Vegetables

Tighter vegetable supplies leading to good demand and prices for producers

A Western Australian vegetable grower says prices spiked over recent months, especially for cauliflower, mainly due to reduced supply and challenges attracting a workforce to pick the produce.

Morning Glory Farms owner, Bevan Eatts says growers have been planting less and the pricing was definitely supply-driven, and there was a gap of a week or two where there were low volumes on the market.

“For one week the price of cauliflower reached $6 each, which I have never seen before in my life,” Mr Eatts said. “But the challenges have just been around labor. It has been hard to get people to help harvest the crops. First, the backpacker shortage and now people who are keen to work have their COVID Visa but they want to work in the mines. Trying So, there are a lot of growers who have cut back on their crops because of the labor shortage. There’s no point in planting crops if you cannot harvest. is cutting back their program in one form or another due to the lack of labor.”

He added the business has been growing cauliflower, sweet corn, beetroot and Spaghetti Squash – and he has found that demand has been quite high for a variety of reasons.

“Sweet corn has been extremely popular during the summer months,” he said. “But there seems to be demand for any fresh vegetable or fruit. I wouldn’t say there’s a shortage, but supply is probably just above the demand level. So, from a producer’s point of view, it has been good. We did some trials last year for beetroot and we have now expanded to 7,000 plants every fortnight, so we have orders for a tonne a week. drinking more juices, and cafes and restaurants are doing more with it. So, we are still learning about it and the best way to grow it, but so far it has been a good vegetable line.”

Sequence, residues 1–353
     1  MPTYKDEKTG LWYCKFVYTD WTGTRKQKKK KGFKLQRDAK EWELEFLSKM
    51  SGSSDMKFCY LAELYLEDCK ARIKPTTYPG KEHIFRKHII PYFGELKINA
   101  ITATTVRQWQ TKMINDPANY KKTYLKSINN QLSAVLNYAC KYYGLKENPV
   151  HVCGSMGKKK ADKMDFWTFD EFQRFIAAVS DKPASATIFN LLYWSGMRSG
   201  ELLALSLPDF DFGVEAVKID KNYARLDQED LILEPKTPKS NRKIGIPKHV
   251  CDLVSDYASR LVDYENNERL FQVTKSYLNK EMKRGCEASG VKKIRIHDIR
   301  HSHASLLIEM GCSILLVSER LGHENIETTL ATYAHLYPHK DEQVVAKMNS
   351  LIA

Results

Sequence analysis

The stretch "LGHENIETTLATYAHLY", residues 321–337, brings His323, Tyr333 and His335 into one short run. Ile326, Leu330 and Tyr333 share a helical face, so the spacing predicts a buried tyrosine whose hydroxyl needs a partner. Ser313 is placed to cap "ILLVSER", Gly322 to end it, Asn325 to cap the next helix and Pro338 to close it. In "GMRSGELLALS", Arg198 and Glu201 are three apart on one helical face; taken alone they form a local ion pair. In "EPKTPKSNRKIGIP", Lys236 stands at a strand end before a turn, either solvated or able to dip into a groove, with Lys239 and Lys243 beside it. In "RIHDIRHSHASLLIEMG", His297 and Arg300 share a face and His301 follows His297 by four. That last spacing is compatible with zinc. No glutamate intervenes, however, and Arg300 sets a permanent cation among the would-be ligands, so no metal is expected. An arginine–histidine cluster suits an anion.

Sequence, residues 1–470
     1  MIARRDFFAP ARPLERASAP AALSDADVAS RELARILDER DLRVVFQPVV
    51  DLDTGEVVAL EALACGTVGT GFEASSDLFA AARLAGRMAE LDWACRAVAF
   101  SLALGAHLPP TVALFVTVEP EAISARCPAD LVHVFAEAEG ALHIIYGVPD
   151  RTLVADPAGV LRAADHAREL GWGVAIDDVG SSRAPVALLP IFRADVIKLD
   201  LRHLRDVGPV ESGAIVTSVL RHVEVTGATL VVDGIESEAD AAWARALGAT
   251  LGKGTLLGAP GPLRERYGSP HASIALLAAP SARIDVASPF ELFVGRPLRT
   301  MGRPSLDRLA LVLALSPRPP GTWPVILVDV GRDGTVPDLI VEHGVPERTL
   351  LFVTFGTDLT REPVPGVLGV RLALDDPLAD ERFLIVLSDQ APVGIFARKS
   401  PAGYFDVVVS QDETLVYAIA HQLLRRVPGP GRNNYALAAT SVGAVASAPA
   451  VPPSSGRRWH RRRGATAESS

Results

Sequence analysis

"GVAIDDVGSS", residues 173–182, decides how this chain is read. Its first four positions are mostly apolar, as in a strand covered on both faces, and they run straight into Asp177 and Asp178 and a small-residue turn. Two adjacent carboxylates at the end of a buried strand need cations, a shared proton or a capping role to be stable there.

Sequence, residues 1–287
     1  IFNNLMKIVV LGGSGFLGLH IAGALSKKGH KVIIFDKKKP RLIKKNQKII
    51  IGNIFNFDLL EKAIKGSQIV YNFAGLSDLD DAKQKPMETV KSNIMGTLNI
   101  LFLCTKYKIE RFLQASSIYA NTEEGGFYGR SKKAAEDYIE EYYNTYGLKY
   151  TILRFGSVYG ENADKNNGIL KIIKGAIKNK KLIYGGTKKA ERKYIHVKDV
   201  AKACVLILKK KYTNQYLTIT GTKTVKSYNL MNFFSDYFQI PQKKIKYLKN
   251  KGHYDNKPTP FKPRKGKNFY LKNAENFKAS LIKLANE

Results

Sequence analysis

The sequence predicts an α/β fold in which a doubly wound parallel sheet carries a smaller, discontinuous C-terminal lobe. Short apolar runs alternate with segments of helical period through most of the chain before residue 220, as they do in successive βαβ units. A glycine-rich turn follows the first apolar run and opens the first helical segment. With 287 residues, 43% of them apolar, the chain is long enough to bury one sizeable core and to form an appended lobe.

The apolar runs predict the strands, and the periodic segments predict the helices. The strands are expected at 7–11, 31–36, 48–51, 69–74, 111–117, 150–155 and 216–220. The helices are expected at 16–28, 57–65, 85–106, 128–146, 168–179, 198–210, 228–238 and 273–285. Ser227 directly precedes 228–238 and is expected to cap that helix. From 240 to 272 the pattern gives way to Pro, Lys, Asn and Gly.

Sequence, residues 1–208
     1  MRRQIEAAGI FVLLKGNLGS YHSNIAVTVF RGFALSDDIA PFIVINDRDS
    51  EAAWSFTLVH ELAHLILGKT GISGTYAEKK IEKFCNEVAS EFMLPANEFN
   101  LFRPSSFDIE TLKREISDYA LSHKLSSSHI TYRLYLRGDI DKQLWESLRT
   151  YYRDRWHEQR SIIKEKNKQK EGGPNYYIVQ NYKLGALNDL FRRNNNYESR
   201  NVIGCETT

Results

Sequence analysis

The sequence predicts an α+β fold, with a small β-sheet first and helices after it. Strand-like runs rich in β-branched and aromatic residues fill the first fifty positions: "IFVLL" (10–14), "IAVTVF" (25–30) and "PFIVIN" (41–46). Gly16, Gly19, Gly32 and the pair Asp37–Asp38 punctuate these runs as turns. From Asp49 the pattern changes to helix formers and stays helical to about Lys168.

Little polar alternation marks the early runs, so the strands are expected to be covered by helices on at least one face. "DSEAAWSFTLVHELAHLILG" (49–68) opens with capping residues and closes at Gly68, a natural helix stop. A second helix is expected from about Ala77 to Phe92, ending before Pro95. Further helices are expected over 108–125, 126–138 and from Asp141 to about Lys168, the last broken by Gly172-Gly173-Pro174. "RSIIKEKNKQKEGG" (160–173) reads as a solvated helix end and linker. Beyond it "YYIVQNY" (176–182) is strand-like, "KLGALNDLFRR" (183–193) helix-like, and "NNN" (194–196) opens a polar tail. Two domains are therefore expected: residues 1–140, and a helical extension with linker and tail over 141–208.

The Western Australian grower also supplies gourmet pumpkins to the foodservice sector, and they are proving to be a hit with consumers, with distinct differences from traditional pumpkin varieties.

“There is a new series that we have got; White Bron, Orange Bron and Night Bron,” Mr Eatts said. “They are mainly for the restaurant sector, and one of the things they do is hollow out the pumpkin and make soup and serve it inside the pumpkins. Popularity is down to the novelty and their appearance of them. They look quite cute and there is more of a chestnutty flavor to them.”

Morning Glory Farms is one of few growers across the nation growing Spaghetti Squash, and this year’s harvest is well underway.

“We are still selling most of our crop on the east coast, and still using stickers with QR Codes,” Mr Eatts said. “Demand is slowly building. It has been a slow process and last year we had some hail damage that affected the quality, but touch wood, this year the quality has been good so far, that’s not just Spaghetti Squash but all our produce, so if it can hold out for the next 4-6 weeks, we’ll be very happy. (The DiMuto blockchain stickers) has definitely meant we have been getting more enquiries and talking with the consumers directly. directly with the producers, so that has been good to get their feedback.”

For more information
Bevan Eats
Morning Glory Farms
Phone: +61 419 811 823
bandbeats@bigpond.com
www.facebook.com/MorningGloryFarms40

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